by Staff Writers
Washington (AFP) Jan 18, 2013
On the Internet, nobody knows you're a dog -- but it is getting increasingly easy for someone to figure it out.
As more and more of our personal data -- and those of the people we know and are related to -- gets posted online, the anonymity promised by the remove of a computer screen gets more and more elusive, according to a new study out Thursday in the US journal "Science."
That's what a team of scientists uncovered when they started playing Sherlock with a batch of genetic data posted online for researchers to use.
The data was anonymous: the participants' names were not published.
But using the information that was provided, including age and where they live, along with freely available Internet resources, the researchers were able to identify nearly 50 of the individuals in the genomic database.
"This is an important result that points out the potential for breaches of privacy in genomics studies," said Whitehead Fellow Yaniv Erlich, who led the research team.
Erlich's team started by analyzing certain genetic markers, called "short tandem repeats," on Y chromosomes (Y-STRs) that tend to be passed down from father to son.
Because in US culture, surnames are also passed from father to son, there is a strong link between these repeats and family names.
That information is used by genealogy web sites to help people find common ancestors and other family information. Men upload information about the Y-STRs they have to find others with similar ones -- leaving a publicly searchable database of Y-chromosome data linked to family trees.
By comparing the Y-STRs of the study participants, the researchers found the last names of a number of the participants. They estimate it would be possible to identify last names for about 12 percent of Caucasian males this way.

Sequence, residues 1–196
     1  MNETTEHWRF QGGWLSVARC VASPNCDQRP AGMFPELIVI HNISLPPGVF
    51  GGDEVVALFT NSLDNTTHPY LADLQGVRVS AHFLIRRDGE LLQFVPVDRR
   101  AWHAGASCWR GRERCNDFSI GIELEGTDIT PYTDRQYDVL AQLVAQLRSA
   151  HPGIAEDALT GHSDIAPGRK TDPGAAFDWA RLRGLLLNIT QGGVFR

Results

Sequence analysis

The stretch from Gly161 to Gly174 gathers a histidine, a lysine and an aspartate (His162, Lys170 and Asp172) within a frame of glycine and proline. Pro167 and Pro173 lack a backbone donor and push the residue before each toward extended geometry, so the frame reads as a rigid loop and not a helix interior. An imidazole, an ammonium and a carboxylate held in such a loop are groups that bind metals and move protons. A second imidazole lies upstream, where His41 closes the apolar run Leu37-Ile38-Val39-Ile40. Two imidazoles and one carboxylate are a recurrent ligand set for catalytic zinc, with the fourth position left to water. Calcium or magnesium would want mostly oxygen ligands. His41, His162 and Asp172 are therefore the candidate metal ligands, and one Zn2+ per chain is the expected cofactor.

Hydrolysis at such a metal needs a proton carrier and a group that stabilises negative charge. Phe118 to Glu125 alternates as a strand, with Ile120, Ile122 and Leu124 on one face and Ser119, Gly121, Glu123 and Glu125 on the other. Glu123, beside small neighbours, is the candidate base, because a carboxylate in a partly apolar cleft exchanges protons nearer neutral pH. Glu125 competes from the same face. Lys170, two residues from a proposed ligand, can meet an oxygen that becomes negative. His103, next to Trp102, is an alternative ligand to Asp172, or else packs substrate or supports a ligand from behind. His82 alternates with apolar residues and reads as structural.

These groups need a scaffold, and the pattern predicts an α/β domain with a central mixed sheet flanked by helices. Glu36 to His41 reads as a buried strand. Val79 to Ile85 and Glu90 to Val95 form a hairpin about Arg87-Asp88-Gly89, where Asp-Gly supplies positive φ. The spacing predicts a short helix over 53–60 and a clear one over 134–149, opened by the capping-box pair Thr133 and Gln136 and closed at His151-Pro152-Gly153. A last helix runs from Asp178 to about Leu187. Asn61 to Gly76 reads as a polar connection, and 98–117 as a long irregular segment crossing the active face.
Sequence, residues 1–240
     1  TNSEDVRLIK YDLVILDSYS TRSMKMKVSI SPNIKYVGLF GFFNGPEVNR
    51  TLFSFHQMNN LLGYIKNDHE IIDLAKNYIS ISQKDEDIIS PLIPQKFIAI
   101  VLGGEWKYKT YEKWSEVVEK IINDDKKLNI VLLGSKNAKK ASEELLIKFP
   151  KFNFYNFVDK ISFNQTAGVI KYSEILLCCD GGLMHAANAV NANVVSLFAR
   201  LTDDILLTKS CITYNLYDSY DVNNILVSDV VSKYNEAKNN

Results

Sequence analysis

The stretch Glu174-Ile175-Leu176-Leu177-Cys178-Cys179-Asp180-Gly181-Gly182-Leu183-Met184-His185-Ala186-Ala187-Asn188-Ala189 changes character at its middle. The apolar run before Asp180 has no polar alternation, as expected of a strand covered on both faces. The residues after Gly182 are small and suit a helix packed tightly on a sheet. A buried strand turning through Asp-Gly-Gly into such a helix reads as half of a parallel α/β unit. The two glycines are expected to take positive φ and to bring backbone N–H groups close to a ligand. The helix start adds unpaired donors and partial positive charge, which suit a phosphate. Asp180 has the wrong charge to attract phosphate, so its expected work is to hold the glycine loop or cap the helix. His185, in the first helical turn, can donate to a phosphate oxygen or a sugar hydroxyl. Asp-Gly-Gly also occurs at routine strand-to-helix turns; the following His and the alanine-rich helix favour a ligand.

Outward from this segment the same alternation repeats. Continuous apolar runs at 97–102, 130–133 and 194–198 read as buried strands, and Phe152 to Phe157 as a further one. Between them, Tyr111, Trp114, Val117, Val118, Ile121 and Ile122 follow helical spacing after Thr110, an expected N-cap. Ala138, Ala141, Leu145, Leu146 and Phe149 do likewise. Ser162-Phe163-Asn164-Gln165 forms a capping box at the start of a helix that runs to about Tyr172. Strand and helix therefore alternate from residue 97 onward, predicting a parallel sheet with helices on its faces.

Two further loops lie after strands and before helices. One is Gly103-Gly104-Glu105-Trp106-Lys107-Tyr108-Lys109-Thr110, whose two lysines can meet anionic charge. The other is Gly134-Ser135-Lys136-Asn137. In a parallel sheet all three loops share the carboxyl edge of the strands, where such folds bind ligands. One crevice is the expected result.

Cross-referencing these with Internet record search engines, obituaries, genealogical websites, and public demographic data, the team was able to fully identify nearly 50 participants of the genomic study, including some women relatives.
"We show that if, for example, your Uncle Dave submitted his DNA to a genetic genealogy database, you could be identified," said Melissa Gymrek, a member of the Erlich lab and first author of the Science paper.
"In fact, even your fourth cousin Patrick, whom you've never met, could identify you if his DNA is in the database, as long as he is paternally related to you."
When Erlich's team informed the NIH of what they had been able to do, the agency removed the participants' ages from the database, to make it more difficult to identify them.
Erlich said that he and his research team had nothing nefarious in mind when they did the research -- but that doesn't mean someone else might not have more sinister motivations.
"Our aim is to better illuminate the current status of identifiability of genetic data," he said.
"More knowledge empowers participants to weigh the risks and benefits and make more informed decisions when considering whether to share their own data."
But he emphasized that genomic databases provide crucial information for researchers and scientific progress.
He said he hoped research like his would prompt better security measures to protect research subjects in future.
Privacy of genetic information -- which can reveal predispositions to certain illnesses -- is a major concern among the scientific community and the larger public in the US who fear such information could be misused by insurance companies or employers.
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